by Luke Baumgarten & r & & r & Friday Night Lights
(NBC, Sundays at 9 pm; online anytime) & r & & r & You should be watching Friday Night Lights. I mean it. Yeah, the season's over, the show's in reruns, and it's warm outside, so the prospect of watching old TV isn't exactly sexy. The show in question, too, has a few barriers to entry. Like the film it's based on, Friday Night Lights centers on high school football in small-town Texas. Given the trauma of high school, the brutality of football, and the sheer bile issuing from much of the Lone Star State, I probably just turned off 75 percent of you. That's understandable, and it's the main reason the show had such horrible ratings all year.
The dirty little secret, though, (the one that NBC only started marketing after the first season's ratings were unsalvageable) is that, while football is Friday Night Lights' subject, people are its focus. In towns like the fictional Dillon, high school football is more than a sport. It's the only thing townspeople have to look forward to. More tragically, it's often the only thing former stars -- never better than that one dream game decades ago -- have to look back upon. In dusty, defeated towns like Dillon, the best thing that can happen is winning a prep football title. That places enormous pressure on the kids -- 16-, 17-, 18-year-olds -- and coaches charged with winning glory for their communities.
Friday Night Lights was a surprisingly good film that gave a nice overview of the complicated interpersonal entanglements of small town America. Writer/director Peter Berg adapted it for television for the express purpose of taking that overview and going deeper. He's done that brilliantly in the show's first season, expanding upon the heartaches, rivalries, politics and interpersonal tensions (racial, sexual, etc.), that drive these towns. The cast of young actors arrayed around rookie coach Taylor (Kyle Chandler) and his wife Tami (Connie Britton) hits these notes with passion and nuance. There aren't bad guys in Dillon, just people desperate for a reason to stay excited about life.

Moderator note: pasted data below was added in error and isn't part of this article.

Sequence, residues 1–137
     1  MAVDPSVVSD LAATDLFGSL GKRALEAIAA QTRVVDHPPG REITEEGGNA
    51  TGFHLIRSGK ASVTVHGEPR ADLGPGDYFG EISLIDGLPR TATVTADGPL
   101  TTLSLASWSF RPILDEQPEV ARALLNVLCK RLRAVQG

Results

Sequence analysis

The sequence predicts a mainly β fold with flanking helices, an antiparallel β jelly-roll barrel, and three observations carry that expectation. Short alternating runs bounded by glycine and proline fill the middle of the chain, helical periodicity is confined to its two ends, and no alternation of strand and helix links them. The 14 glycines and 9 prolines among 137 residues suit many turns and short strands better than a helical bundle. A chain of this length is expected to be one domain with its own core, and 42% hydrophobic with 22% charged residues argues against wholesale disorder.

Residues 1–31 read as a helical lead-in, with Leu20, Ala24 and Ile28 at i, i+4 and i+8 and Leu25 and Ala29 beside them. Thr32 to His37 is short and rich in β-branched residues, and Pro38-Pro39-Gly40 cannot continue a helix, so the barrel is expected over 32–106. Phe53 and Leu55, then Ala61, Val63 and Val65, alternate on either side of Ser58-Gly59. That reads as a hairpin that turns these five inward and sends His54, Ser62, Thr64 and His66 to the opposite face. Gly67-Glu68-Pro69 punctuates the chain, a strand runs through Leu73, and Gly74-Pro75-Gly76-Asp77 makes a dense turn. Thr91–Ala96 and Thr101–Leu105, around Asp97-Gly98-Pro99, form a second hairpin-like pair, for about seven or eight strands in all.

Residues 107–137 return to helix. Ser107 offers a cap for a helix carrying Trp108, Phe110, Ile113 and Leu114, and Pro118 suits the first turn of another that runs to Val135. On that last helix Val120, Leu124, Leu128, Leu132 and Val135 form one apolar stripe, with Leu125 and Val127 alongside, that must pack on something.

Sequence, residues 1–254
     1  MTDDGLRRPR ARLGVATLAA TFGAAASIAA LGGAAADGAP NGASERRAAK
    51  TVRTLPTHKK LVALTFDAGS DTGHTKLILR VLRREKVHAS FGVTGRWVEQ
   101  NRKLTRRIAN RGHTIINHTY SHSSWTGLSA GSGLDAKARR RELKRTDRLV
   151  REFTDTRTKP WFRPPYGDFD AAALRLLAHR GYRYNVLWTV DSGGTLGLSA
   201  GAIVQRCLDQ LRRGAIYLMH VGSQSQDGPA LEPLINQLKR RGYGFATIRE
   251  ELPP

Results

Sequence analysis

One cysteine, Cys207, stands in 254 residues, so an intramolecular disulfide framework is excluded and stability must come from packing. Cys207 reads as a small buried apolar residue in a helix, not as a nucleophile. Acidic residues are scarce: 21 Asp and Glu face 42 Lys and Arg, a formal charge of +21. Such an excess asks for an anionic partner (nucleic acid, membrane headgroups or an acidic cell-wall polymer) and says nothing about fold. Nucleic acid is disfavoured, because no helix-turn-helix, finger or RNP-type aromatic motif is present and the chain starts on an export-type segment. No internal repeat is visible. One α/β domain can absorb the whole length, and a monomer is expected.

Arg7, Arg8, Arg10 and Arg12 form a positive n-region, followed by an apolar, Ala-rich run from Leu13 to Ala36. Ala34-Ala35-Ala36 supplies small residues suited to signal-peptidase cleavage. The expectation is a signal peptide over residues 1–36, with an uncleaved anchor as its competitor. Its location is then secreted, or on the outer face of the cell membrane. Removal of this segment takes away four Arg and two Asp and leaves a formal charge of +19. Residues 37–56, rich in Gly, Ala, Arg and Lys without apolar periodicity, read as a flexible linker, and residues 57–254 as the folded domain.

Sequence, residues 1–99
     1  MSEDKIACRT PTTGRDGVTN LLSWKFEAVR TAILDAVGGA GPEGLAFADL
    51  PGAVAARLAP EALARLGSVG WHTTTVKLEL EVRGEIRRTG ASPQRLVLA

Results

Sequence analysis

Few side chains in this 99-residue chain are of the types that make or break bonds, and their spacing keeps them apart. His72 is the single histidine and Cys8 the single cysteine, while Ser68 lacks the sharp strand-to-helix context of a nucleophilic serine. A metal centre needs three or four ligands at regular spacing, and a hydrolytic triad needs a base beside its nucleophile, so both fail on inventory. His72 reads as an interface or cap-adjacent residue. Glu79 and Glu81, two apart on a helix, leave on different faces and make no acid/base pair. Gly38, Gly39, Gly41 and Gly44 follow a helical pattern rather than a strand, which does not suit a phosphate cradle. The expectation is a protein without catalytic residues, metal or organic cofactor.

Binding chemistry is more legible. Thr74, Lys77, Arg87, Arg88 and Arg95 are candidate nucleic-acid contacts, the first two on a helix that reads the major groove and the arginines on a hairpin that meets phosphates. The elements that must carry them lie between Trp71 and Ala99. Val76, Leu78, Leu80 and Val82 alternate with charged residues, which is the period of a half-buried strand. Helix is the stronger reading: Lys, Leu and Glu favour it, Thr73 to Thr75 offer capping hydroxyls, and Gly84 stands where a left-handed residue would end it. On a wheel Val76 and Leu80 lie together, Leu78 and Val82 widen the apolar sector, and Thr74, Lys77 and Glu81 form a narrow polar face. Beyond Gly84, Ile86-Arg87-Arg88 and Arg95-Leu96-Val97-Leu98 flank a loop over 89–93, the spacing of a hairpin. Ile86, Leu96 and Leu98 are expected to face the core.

So, yes, football is the engine. The dreams the sport incubate in the citizens of Dillon, though -- hope, heroism, the prospect of greatness, a legacy, a way out -- provide the spark and combustion that make riveting art.
As I said, you should be watching Friday Night Lights.
The Starter Wife
Debra Messing's got a brand new bag! Well, same bag, perhaps, but more elegantly styled, and stripped of the gay-chic finery Will & amp; Grace took such pains with. Here, instead of being trendy and talented and tolerant, Messing's just rich and divorced. After years of defining herself as a rich guy's wife, watch ol' Deb pluck-and-charm her way through an identity crisis. (Thursdays on USA)
Want the sex appeal of Survivor with the undeniable (and very hip) pirate-y-ness of... pirates? Talk to Mark Burnett. The Survivor creator has taken most of the elements of his hit show and given them a little swashbuckle with contestants sailing around on a ship looking for loot, kicking off one crew member a week until there's just the captain left to claim the booty. (Thursdays on CBS)
Three guys walk into a museum. One guy challenges the other two to rollerblade (what is this, 1990?) from the top floor down. They agree. Once the two 'bladers are outside, first guy blows the joint up, fingering the other two for an act of terrorism. With nods to Iran-Contra, Desert Storm and Guantanamo, this is the first drama in TV's we-suddenly-don't-like-the-Bushes-much era. (Wednesdays on ABC)